You believe in God? So what? All religions are the same.
If this is what you think, you are part of our mission territory. But if you are a man with a passion to bring Jesus Christ to this kind of person, we want to talk with you.
For nearly eight hundred years, the Order of the Blessed Virgin Mary of Mercy has been rescuing people from various forms of captivity. Today, an ignorance, or even an indifference, about the saving message of Jesus Christ binds men to a slavery of shallow thought, following whatever is popular at the moment. We care about these people.
Pope Emeritus Benedict XVI warned, “We are building a dictatorship of relativism that does not recognize anything as definitive and whose ultimate goal consists solely of one’s own ego and desires.”
Not Following Trends
We friars in the Order of Mercy join with Pope Emeritus Benedict in his words, “An ‘adult’ faith is not a faith that follows the trends of fashion and the latest novelty; a mature adult faith is deeply rooted in friendship with Christ.”
The Mercedarian man, following the charism molded by our Order’s founder, St. Peter Nolasco, is trained and prepared to redeem others from today’s forms of captivity.
Is God calling you to become a Mercedarian friar, as a priest or a brother? Our men here in the United States are growing year by year, and we have high hopes for playing an important part in the re-evangelization of our society. Will you join us? Why not begin a dialog with us as you journey toward your God-given vocation?
Contact our vocation director, Fr. Joseph Eddy, O. de M. today:
Essential to the Charism of the Order of the BVM of Mercy is a profound concern for the True Faith. It is for this Faith that hundreds of friars have exercised the 4th Vow and given up their lives for Captive Christians in danger of losing the Faith. In October 2012, Pope Emeritus Benedict XVI opened the Year of Faith. Here is a Mercedarian perspective on this Holy Year:
Eight hundred years ago a man followed in the footsteps of his father and took up the family merchant business. He like many other young men had the desire to live a life of adventure and purpose. The merchant business offered him an opportunity to travel far from his residence of Barcelona into Muslim occupied parts of Southern Spain and abroad. Yet as he traveled, experienced danger, and earned a solid living Peter Nolasco felt that something was missing. He desired more. Not just more money or adventure, but a greater purpose to his life. While traveling through Muslim occupied lands, Peter was “cut to the heart” (Acts 2:37) when he saw the captive Christians. They were striking in appearance: dirty, smelly, and gaunt from hunger. As Peter investigated further, he was stunned by the deplorable living conditions of these men, women, and children who were treated as slaves in bondage and chains. They like Isaiah’s suffering servant were “despised and rejected by mankind…like one from whom people hide their faces…”
It was not their pitiable appearance that most affected Peter. Rather it was that they were Captive because of their Catholic Faith. Peter knew that the faith was the most precious gift that a person could have. It was for our faith that Jesus offered Himself as a captive and was crucified. Peter was filled with sorrow when he heard that thousands were renouncing the True Faith in order to obtain their freedom or a better standing in society. For Peter, the Captives were most poor and impoverished of all people for one reason: because their faith was in serious danger.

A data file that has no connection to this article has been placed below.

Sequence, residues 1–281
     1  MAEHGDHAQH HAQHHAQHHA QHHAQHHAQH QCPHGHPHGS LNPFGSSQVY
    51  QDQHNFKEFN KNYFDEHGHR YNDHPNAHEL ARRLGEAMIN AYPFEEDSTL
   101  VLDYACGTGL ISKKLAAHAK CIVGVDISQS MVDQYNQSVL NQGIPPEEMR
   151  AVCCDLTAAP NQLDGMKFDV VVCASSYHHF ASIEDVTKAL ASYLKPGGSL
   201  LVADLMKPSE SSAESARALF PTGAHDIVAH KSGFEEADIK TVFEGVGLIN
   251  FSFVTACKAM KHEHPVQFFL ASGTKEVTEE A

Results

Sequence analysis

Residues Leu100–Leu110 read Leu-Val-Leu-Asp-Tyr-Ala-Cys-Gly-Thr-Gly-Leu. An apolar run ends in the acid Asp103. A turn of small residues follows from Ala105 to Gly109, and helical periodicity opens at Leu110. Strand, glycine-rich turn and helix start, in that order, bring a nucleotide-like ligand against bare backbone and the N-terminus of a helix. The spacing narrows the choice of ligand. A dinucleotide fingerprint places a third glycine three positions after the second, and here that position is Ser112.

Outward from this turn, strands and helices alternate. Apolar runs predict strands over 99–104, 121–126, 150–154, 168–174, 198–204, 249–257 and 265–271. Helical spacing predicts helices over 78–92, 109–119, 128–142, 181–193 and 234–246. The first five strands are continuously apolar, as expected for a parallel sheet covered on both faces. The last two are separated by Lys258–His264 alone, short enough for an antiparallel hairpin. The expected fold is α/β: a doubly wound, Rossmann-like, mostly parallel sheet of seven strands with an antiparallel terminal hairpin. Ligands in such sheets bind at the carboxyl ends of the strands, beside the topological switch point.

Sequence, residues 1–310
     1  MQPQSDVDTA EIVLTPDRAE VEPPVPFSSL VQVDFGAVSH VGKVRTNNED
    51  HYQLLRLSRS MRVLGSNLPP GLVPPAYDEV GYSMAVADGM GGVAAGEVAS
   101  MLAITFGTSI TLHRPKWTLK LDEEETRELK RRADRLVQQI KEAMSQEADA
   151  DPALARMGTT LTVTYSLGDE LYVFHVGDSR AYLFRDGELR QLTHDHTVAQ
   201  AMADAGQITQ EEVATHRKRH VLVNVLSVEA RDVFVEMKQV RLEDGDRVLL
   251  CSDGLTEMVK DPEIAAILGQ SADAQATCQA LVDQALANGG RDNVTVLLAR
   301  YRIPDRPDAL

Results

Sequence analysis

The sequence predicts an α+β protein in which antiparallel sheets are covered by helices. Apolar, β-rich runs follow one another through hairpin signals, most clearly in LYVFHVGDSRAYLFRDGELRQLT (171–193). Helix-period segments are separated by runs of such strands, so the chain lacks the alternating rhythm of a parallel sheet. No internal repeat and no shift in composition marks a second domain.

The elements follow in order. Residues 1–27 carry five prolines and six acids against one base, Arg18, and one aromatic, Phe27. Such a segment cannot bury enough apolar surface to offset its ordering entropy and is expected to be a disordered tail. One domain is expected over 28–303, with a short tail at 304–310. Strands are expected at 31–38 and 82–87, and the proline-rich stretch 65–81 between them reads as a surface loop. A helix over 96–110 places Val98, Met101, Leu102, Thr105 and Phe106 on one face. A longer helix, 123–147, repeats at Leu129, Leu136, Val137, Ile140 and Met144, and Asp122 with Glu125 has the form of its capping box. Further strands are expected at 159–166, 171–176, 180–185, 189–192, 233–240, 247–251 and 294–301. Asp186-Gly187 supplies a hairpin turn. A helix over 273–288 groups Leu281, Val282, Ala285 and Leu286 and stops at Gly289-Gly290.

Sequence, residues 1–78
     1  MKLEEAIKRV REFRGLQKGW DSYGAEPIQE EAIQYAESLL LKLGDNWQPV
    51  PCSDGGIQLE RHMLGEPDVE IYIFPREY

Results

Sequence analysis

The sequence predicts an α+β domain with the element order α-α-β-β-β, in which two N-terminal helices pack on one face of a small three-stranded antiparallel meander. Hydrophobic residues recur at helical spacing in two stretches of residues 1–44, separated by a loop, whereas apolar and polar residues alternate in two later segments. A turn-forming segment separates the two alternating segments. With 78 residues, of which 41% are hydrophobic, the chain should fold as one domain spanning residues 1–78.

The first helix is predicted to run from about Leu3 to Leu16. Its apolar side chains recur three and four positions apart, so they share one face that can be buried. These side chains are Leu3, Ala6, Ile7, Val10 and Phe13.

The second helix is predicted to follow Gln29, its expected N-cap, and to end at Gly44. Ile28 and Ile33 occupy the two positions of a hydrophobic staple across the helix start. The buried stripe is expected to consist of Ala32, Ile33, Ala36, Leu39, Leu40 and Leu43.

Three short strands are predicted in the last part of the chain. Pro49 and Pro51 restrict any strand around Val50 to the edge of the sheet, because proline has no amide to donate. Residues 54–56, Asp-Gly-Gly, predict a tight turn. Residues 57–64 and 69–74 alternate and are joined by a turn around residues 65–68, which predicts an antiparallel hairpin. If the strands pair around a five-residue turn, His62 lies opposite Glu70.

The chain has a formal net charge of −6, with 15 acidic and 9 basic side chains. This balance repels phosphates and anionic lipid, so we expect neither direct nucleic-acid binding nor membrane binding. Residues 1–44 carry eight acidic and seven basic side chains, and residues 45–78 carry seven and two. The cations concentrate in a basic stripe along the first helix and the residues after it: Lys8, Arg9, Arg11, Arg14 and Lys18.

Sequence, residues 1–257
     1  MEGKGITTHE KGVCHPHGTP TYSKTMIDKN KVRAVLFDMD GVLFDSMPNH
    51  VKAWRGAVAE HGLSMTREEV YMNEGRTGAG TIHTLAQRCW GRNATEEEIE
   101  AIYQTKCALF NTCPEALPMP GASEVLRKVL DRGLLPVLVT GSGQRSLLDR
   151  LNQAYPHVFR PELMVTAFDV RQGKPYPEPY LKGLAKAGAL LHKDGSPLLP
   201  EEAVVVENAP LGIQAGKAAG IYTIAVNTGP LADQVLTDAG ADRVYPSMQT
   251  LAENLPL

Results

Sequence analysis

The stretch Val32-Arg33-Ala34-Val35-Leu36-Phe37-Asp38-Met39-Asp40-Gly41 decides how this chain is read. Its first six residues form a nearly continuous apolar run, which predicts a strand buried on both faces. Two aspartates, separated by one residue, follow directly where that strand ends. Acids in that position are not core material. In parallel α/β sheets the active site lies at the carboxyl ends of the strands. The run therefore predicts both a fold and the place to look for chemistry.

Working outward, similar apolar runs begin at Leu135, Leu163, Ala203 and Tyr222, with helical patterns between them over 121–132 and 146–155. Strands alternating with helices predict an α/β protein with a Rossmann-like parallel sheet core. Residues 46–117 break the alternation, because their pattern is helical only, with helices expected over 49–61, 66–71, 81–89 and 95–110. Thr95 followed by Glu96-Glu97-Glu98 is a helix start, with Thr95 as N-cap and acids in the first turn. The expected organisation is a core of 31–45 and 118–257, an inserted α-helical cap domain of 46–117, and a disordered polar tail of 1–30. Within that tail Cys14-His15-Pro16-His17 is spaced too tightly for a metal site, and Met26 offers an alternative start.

Now in 2013 we as Catholic Christians are celebrating the Year of Faith. Pope Emeritus Benedict XVI called this year in order to re-enkindle a love for the Faith in a world that is longing for meaning. People’s faith is still in danger today. Modern forms of Captivity are choking and stifling people’s faith to the same degree that Islam did in the early 11th Century. For this reason, the Successor of St Peter the Apostle feels pity for the captives who throughout the world are losing the most precious gift that we have, our faith. As Benedict says in the inaugural letter opening the Year of Faith, “Belief in Jesus Christ, then, is the way to arrive definitively at salvation.” “Faith working through love” (Gal 5:6) becomes a new criterion of understanding and action that changes the whole of man’s life (cf. Rom 12:2; Col 3:9-10; Eph 4:20-29; 2 Cor 5:17).” Just as St Peter Nolasco realized in the early 1200’s, faith is the gift given only by God’s grace which changes our lives and opens the door to salvation.
In his Moto Proprio letter, Benedict sheds some light on new forms of captivity which expose people to “the abandonment of the practices of the Christian life and the loss of their faith (Mercedarian Constitutions #4)”. The Pope Emeritus states:
“It often happens that Christians are more concerned for the social, cultural and political consequences of their commitment, continuing to think of the faith as a self-evident presupposition for life in society. In reality, not only can this presupposition no longer be taken for granted, but it is often openly denied. Whereas in the past it was possible to recognize a unitary cultural matrix, broadly accepted in its appeal to the content of the faith and the values inspired by it, today this no longer seems to be the case in large swathes of society, because of a profound crisis of faith that has affected many people.”
How true it is today that people think of their faith as an aspect of their cultural or family history, but do not realize the impact that faith can and should have on one’s whole life. For our forefathers, faith was the impetuous behind their love of family and country; it impacted every decision that they made. Yet, today the effects of increased secularization, both within and without the Church, have caused one’s faith to be viewed as a personal belief which should not have an impact on others. People often state they are Catholic, but this reality has little or no impact on their lives.
Much of the problem stems from poor catechesis in our nation over the past fifty years. Truly whole swathes of the Catholic population are ignorant of the basic tenants of the Faith. Long held Christian virtues, such as love, are so watered down or obscured that they are hardly recognizable. When faced with difficult moral Truths many will reject them as fanatical, since they don’t have the understanding of the foundational principles. As Benedict says: